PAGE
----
As far as a local proxy: that won't work with virtual hosting in a non-ICANN name space. The immediate problem is that I can't retrieve non-ICANN web pages because the proxy tries to resolve the non-ICANN name in the payload, using ICANN DNS. I can always ask for numeric addresses, but virtual hosting (where a server gives you different pages depending on the name you ask for) is widespread enough that there are many web pages I can't retrieve even in principle.

      Cheers,
      Craig
  • by ocip (200888) on Saturday March 23, 2002 @03:29PM (#3213747) Homepage
    If you look at it from your ISP's standpoint transparent proxies aren't as evil as you make it sound.

    99.9% of the ISPs clients aren't trying to do anything tricky, like this. Of those 99.9%, say, only 40% have a proxy server specified. These 40% get to enjoy faster web browsing--which is probably all they're doing anyway. The other 60% enjoy slightly less quick web browsing, but that's they're own fault, right? They're the only ones losing out, right?

    Wrong. The ISP has to pay for bandwidth. The ISP doesn't like the proxy only because it makes browsing snappier, it likes the proxy because it also saves them on bandwidth costs! If the other 60% of the clients were using the proxy they might save 10%, or more, on total bandwidth costs.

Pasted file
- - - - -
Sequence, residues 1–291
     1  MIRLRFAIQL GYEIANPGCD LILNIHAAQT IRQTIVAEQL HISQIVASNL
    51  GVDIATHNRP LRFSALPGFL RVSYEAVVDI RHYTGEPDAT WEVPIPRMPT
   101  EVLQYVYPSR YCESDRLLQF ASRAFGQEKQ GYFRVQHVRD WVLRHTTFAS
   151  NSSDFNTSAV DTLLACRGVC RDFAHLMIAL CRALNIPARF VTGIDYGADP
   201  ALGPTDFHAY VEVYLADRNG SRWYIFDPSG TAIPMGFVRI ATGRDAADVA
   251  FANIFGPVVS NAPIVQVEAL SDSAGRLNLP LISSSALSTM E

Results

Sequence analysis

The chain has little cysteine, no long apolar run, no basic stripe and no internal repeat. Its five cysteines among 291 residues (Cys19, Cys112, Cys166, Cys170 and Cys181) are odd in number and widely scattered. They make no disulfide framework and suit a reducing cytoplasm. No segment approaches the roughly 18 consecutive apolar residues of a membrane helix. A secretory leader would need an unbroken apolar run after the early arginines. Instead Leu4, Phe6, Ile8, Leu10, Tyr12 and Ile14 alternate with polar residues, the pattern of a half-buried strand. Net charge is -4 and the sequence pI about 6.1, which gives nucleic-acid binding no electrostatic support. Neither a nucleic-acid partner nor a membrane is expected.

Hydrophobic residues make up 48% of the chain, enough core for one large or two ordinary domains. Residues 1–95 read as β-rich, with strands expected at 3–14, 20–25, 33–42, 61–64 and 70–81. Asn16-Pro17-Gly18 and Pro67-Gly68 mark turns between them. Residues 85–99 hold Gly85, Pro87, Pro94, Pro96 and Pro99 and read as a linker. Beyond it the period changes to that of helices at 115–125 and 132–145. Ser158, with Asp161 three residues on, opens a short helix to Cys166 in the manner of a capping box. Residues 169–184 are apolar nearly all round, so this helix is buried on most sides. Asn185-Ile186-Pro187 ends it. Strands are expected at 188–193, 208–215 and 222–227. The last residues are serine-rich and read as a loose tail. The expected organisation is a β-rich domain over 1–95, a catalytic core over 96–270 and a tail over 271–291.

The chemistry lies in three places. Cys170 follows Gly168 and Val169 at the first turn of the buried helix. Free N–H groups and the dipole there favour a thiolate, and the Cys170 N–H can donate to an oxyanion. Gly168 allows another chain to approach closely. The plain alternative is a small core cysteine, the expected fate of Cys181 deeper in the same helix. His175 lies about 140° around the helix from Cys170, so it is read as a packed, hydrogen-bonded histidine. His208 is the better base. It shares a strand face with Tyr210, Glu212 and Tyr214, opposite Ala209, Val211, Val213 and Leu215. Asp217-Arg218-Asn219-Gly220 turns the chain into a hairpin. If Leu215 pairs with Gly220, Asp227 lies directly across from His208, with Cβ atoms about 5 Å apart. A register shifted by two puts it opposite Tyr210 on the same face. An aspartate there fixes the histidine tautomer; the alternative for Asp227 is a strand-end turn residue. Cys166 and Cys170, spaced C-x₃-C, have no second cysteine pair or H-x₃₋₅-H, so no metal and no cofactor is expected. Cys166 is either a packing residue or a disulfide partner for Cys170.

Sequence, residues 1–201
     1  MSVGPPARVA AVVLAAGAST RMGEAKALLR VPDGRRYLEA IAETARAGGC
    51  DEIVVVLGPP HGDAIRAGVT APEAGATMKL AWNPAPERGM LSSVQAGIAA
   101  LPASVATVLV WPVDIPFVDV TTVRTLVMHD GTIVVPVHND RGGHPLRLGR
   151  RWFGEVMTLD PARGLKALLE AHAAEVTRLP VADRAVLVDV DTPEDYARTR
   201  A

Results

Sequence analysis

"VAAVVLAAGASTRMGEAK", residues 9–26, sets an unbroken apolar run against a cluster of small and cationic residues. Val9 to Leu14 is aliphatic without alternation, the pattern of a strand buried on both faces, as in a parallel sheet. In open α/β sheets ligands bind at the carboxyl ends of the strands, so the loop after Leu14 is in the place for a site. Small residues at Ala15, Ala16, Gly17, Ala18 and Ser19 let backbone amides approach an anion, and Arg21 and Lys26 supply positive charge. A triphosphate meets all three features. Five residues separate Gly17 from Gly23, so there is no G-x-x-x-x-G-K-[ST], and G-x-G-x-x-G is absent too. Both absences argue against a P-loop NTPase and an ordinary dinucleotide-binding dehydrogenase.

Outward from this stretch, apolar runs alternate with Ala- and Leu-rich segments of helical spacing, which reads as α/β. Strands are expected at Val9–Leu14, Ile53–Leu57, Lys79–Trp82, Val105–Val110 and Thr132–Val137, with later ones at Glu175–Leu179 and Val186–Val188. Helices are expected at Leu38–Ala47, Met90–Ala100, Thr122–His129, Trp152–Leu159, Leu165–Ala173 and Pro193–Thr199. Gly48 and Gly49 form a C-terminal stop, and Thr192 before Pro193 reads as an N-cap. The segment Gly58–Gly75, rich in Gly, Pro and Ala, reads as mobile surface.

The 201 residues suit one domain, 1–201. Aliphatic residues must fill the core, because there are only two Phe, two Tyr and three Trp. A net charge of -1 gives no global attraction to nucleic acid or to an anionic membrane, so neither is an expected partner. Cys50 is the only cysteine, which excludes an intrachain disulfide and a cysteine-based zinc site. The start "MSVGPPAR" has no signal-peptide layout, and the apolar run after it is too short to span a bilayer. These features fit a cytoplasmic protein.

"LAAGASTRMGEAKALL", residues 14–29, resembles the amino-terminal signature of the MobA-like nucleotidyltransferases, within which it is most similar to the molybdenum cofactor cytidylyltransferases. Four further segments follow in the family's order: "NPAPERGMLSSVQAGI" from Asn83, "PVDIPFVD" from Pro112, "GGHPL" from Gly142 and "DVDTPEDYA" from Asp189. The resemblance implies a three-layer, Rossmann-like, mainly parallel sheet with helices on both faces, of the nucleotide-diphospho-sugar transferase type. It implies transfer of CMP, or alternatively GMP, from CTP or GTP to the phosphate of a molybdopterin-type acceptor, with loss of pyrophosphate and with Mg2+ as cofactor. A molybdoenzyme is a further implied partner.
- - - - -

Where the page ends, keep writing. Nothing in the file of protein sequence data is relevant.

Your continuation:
You could think of it like this, too: that's 10% more bandwidth available for the clients at no additional cost to the company (apart from the capital for the proxy server). Yes, they're not perfect, but they make a difference. When you weigh the pros and cons, well, it's obviously going to be worth it for the ISPs to have it installed.

    You could look around for an ISP that doesn't use a transparent proxy but, as you said, they're becoming more popular. Realise that they're not doing to squash your freedom, but instead to provide better service and to save money.
    • That's a very good point.


      What I'm complaining about is that the proxy has a bad failure mode: when the usual resolution method fails, the proxy ought at the very least to fail softly and route the packets like a real router should Unfortunately, it doesn't -- it generates an error message instead.

      • by Anonymous Coward on Saturday March 23, 2002 @10:40PM (#3214982)